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Admitting you have a problem with alcohol and getting sober isn’t easy, but it doesn’t always become easier when you stop drinking. Sooner or later you’re going to face another challenge: telling people that you have a struggle with alcoholism.
Sometimes a period of life lived under the shadow of an addiction to alcohol takes place in private, away from public knowledge; sometimes it takes place out in full view of friends or family. Either way, you’re going to need to let the people close to you understand why you won’t be drinking around them, even if they had no idea you struggled or ever saw you drunk.
For many, a true commitment to sobriety means no drinking, ever. Imagining that you can do it while keeping it a secret only means creating a more awkward situation — for example, right as they bought you a round at the bar or poured you a glass at dinner because they didn’t know you’ve stopped—or worse, invites the temptation to accept the drink, leading to even larger problems.
Particularly in the age of reality television and social media, there’s a perception that “big reveals” are part of getting sober. You might picture an intervention with everybody present or a social media post announcing your decision to stop drinking to everyone you know. While this is common, you don’t have to do this. In fact, it may be easiest to start small and private.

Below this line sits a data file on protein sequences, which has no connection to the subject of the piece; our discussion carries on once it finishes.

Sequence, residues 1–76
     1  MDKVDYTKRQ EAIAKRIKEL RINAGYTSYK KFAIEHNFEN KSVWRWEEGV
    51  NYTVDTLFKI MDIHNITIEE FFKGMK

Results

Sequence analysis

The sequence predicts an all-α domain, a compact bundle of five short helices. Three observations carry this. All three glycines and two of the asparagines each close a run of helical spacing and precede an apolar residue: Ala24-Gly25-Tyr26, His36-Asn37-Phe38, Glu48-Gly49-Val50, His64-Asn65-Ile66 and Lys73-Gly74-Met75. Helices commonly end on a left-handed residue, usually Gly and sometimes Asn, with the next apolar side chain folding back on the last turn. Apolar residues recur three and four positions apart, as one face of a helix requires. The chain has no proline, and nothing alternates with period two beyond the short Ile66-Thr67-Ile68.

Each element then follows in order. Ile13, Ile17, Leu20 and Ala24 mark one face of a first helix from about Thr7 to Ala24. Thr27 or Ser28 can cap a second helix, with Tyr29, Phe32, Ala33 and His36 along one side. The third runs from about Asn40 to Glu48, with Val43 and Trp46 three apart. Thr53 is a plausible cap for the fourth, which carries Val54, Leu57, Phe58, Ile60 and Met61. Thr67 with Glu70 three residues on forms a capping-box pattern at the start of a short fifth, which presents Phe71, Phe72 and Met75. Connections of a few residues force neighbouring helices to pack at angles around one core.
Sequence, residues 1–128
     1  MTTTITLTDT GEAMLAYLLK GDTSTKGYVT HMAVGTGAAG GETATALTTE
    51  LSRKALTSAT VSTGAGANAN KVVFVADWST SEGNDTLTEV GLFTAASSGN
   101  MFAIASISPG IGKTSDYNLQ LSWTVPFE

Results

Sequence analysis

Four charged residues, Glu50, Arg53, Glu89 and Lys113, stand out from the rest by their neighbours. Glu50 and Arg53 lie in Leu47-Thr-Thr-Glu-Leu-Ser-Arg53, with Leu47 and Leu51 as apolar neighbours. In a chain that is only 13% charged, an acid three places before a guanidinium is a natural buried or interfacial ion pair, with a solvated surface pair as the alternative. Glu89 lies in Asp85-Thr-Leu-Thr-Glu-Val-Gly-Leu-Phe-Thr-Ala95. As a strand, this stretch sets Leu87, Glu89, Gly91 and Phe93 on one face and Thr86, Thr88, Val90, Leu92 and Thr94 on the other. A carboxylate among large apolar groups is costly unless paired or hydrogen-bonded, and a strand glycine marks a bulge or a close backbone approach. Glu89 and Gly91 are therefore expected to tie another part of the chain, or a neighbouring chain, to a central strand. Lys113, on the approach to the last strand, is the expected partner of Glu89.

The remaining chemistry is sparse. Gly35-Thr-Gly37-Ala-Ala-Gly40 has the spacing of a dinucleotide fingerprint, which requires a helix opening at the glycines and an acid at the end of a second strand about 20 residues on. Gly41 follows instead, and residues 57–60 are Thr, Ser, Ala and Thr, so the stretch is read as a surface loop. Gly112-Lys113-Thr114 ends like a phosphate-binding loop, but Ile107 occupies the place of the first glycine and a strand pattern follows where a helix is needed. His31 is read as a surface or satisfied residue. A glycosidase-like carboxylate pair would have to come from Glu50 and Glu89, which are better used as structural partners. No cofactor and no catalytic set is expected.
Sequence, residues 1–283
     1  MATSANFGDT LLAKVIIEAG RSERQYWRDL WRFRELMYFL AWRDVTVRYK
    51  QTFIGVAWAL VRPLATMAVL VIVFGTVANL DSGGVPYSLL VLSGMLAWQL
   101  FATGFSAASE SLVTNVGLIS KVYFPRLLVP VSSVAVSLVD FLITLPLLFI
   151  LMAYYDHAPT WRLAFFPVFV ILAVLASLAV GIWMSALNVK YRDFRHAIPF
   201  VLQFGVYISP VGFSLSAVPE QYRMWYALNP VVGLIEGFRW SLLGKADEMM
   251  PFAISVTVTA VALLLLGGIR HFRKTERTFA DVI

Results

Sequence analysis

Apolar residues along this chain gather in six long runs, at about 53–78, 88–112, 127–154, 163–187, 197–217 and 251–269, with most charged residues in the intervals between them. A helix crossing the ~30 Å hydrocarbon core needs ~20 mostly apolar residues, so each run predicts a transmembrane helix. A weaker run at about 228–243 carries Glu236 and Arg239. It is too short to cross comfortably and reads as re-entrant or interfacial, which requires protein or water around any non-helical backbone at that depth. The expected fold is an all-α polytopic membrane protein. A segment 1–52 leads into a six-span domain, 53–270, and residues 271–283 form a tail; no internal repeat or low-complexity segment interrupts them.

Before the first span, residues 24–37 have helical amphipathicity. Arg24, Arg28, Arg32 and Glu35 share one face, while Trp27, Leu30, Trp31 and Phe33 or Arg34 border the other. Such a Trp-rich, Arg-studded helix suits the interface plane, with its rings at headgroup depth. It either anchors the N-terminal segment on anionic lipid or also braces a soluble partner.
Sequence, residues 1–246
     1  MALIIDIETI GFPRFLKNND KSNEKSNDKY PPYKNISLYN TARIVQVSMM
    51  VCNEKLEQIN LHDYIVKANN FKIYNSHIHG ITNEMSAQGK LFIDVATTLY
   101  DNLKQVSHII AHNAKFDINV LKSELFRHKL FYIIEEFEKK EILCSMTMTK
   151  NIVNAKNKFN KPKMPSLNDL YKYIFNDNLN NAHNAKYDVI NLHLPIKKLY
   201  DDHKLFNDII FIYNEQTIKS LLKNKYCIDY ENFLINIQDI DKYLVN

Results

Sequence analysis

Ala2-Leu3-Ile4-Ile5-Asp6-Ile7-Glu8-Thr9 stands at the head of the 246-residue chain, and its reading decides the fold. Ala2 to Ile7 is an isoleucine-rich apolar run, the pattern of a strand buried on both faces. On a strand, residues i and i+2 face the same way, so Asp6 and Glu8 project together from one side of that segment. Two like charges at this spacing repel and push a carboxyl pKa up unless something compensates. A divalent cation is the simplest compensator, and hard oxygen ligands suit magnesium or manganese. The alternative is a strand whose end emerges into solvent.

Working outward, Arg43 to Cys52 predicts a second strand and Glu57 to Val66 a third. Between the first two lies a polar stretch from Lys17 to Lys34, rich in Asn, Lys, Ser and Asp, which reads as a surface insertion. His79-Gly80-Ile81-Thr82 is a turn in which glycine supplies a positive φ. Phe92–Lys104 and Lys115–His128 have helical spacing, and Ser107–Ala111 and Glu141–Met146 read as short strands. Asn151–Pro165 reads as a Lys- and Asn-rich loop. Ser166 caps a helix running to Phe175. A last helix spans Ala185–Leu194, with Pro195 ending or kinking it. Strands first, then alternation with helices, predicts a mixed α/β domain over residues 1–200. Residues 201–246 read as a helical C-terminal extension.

You can begin by telling the people who will most clearly and readily agree with your assessment that you struggle with alcoholism—perhaps somebody close to you who had a front-row seat to the way you harmed yourself with alcohol. If you are sincere and they are supportive, the odds are high that they will be receptive to your news, increasing your confidence in your decision as you decide to tell the next person or people on your list.
Someone with an alcohol use disorder will often experience near-misses with quitting and periods of regret and apologizing. It’s also possible to form codependent relationships and go through mood swings before a successful sobriety sticks. This means that people might already have heard you say a few times, “I’m so sorry I drank so much last night” or, “I got out of control, I promise I won’t do that again.” To help them understand why this time is different, make a commitment and be ready to share that with them.
The only commitment necessary, of course, is, “I am sober now and promise to abstain from alcohol,” but it can help to also couple this with a more specific commitment to show you are serious. Your spouse might already have heard, “I swear I will change” before, but what if you said, “I swear I will change, and to show you I mean it, I removed all the alcohol from our house”?
Alternatively, you might show that you are serious by pointing out that your commitment to ending your addiction is strong enough to take precedence over temptation right now. For example, you might say, “I realize now I will be tempted to use drugs if I attend the music festival this weekend, so I decided to sell my tickets.”
A recent study by Harvard Medical School found that concrete commitments to sobriety (such as “I am definitely not going to consume alcohol ever again, beginning today”) resulted in statistically significant greater success at the one-year mark than abstract thoughts in favor of sobriety (“I ought to stop drinking” or “I believe I should stop”). Put these statistics to work in your favor by sharing the firm commitments with people who can watch you follow through with them and support you along the way.